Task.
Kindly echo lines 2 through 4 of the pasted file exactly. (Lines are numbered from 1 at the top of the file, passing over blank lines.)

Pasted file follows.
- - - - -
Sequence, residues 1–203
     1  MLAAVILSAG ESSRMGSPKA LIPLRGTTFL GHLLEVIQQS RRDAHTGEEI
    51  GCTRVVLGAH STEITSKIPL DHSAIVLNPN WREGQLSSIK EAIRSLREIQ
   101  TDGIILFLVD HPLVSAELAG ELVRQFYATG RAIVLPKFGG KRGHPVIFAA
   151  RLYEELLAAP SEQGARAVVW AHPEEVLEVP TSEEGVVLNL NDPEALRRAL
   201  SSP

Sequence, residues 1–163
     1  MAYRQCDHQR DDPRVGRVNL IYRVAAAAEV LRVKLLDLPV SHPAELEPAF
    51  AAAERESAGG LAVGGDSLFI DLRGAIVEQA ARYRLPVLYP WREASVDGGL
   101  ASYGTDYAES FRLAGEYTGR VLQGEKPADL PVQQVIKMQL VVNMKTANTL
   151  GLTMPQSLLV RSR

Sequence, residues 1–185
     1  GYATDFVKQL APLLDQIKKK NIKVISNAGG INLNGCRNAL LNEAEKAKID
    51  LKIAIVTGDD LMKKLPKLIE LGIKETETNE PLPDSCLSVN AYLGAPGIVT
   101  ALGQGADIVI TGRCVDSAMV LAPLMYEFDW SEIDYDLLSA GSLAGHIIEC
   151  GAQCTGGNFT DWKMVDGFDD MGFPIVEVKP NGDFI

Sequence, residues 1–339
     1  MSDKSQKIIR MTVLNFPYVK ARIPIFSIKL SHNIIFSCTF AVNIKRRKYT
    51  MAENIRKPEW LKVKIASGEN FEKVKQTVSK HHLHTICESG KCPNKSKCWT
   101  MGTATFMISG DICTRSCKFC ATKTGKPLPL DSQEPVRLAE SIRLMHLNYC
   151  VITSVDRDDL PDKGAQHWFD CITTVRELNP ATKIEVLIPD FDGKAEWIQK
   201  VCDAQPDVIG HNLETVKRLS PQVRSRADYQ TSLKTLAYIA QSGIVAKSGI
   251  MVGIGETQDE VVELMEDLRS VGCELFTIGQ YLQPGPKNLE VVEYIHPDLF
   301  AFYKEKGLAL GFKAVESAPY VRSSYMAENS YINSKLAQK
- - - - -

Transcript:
     1  MLAAVILSAG ESSRMGSPKA LIPLRGTTFL GHLLEVIQQS RRDAHTGEEI
    51  GCTRVVLGAH STEITSKIPL DHSAIVLNPN WREGQLSSIK EAIRSLREIQ
   101  TDGIILFLVD HPLVSAELAG ELVRQFYATG RAIVLPKFGG KRGHPVIFAA